Slideshow Pictures: Diarrhea and Digestive Distress - Problem Foods to Avoid
Reviewed by Andrew Seibert, MD on Tuesday, September 06, 2011
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Fried Foods: Diarrhea Trigger
Eating fried foods, which are high in fat, can result in diarrhea. Rich sauces, fatty cuts of meat, and buttery or creamy desserts can cause distress, too. Choose roasted or baked foods and light sauces that feature vegetables instead of butter or cream.
Citrus Fruit: Intestinal Distress
Because citrus fruit is high in fiber, it can cause intestinal distress for some people. Go easy on oranges, grapefruit, and other citrus fruits if your digestion is feeling queasy.
Artificial Sugar: Diarrhea, Cramping
Chewing too much sugar-free gum made with sorbitol has been found to cause diarrhea and cramping. Eating more than 50 grams of sorbitol a day may give you intestinal trouble. It's not just gum, though -- excessive amounts of any food made with this artificial sweetener might give you diarrhea. The reason: Our bodies can't digest sorbitol.
Too Much Fiber: Gas and Bloating
Foods high in fiber like whole grains and vegetables are good for digestion. But if you start eating lots of them, your digestive system may have trouble adjusting, resulting in gas and bloating. Increase the amount of high-fiber foods gradually.
Beans: Gas and Cramping
A common source of trouble, beans contain indigestible sugars that can cause gas and cramping. The human body lacks enzymes to break down these sugars. Bacteria in our guts do the work, giving off gas in the process. Soak dried beans for at least four hours and pour off the water to eliminate some of the indigestible sugars.
Cabbage and Its Cousins: Gas and Digestive Distress
Cabbage, broccoli, and other cruciferous vegetables contain the same indigestible sugars that make beans gassy. Their high fiber content can also make them hard to digest if eaten in excess. Cooking can help reduce the problem.
Fructose: Diarrhea, Bloating, Cramping
Foods sweetened with fructose -- including sodas, candy, fruit juice, and pastries -- are difficult for some people to digest, leading to diarrhea, bloating, cramping, and other distress.
Spicy Foods: Heartburn and Indigestion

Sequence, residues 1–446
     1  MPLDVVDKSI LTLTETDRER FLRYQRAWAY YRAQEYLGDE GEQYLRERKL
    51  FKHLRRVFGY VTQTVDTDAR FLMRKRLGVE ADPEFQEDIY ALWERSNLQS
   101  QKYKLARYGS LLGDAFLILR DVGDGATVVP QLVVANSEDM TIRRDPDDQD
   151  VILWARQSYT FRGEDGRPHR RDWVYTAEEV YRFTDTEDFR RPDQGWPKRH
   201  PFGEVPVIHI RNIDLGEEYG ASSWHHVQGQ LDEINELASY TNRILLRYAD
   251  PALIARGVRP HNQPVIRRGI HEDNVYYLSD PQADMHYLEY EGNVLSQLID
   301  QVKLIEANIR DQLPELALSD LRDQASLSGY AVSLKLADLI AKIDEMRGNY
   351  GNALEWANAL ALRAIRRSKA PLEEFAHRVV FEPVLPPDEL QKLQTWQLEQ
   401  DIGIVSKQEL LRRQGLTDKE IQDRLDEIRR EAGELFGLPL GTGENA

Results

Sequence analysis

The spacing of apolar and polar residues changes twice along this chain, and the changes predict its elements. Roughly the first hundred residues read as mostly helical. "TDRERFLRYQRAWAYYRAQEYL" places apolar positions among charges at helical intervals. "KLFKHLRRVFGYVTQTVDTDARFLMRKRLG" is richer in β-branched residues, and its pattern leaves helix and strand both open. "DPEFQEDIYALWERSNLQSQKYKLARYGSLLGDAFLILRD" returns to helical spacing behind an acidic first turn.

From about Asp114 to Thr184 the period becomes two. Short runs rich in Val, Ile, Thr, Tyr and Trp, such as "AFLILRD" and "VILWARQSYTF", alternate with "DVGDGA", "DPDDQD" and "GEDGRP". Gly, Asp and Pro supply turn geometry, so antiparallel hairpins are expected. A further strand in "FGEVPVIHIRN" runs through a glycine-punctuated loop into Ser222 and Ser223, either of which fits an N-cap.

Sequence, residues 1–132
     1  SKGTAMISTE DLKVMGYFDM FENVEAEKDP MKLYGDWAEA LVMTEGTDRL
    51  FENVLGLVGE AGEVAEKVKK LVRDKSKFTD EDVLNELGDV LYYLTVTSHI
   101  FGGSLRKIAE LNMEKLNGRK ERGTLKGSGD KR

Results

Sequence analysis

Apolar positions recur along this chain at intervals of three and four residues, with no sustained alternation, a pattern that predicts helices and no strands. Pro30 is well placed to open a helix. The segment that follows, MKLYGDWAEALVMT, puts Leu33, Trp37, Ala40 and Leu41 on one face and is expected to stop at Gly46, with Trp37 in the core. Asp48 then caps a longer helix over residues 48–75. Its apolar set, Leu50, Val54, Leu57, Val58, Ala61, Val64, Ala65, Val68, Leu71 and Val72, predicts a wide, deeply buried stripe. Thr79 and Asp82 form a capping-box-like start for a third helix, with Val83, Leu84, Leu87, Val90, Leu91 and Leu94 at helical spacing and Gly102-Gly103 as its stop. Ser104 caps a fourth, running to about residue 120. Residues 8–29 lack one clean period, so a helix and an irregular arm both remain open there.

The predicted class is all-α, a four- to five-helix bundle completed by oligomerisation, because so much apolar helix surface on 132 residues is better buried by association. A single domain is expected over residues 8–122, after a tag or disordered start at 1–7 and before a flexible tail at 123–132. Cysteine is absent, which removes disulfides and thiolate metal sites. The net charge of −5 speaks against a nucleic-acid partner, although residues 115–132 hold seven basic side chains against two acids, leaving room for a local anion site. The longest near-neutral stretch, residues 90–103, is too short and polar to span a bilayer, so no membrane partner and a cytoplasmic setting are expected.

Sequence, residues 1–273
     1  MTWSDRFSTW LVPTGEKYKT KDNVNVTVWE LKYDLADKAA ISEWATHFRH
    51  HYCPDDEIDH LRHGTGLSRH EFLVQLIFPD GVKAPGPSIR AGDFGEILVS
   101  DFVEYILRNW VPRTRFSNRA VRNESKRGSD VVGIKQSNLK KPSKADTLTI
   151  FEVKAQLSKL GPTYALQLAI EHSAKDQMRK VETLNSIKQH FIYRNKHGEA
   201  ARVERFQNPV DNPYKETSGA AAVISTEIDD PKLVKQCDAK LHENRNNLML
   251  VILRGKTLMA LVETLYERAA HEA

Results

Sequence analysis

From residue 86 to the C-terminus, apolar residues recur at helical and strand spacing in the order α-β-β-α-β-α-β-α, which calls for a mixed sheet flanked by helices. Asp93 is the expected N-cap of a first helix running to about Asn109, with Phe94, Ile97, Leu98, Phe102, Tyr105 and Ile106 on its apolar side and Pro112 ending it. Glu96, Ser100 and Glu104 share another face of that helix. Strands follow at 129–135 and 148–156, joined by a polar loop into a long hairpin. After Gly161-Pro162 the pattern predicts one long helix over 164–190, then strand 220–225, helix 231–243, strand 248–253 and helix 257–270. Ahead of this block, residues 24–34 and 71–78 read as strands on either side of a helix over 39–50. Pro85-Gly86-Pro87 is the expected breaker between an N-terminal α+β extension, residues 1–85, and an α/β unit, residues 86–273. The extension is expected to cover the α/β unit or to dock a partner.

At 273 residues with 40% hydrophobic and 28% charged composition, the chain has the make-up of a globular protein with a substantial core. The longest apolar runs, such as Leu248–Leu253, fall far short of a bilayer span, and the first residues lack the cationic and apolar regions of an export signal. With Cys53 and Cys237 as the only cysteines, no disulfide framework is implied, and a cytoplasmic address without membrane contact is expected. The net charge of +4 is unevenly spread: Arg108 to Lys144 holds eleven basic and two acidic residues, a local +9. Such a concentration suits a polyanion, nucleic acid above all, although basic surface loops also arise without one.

Some people experience indigestion or heartburn after eating spicy foods, especially after a large meal. Some research suggests that the hot ingredient in chili peppers, called capsaicin, may trigger heartburn.
Dairy Products: Digestive Trouble for the Lactose Intolerant
If you're lactose intolerant, dairy products can trigger diarrhea, bloating, gas, and other intestinal distress. The condition stems from the lack of an enzyme required to digest lactose, a sugar found in milk and dairy products. Avoid or limit dairy products. Or try an over-the-counter drop or pill containing the enzyme that breaks down lactose.
Peppermint: Acid Reflux and Heartburn
Peppermint may sound cooling. Yet it can relax the muscle at the top of the stomach, allowing food to reflux up into the esophagus and cause heartburn. Other culprits may include chocolate or coffee. Experts recommend being alert to problem foods and avoiding them.
Dealing With Diarrhea
Diarrhea can cause dehydration, so be sure to drink plenty of fluids. To settle digestion, eat bland -- not high fat or spicy -- foods at first. However, return to a normal diet as soon as symptoms ease -- within 24 to 48 hours -- to make sure you are getting all the nutrients you need to recover.
Oats: A Grain to Prevent Diarrhea and Stay Regular
Although all high-fiber foods are helpful in keeping digestion regular, cereal fibers from oats, wheat, and other grains appear to be especially effective at preventing diarrhea.
More Reading on Digestive Problems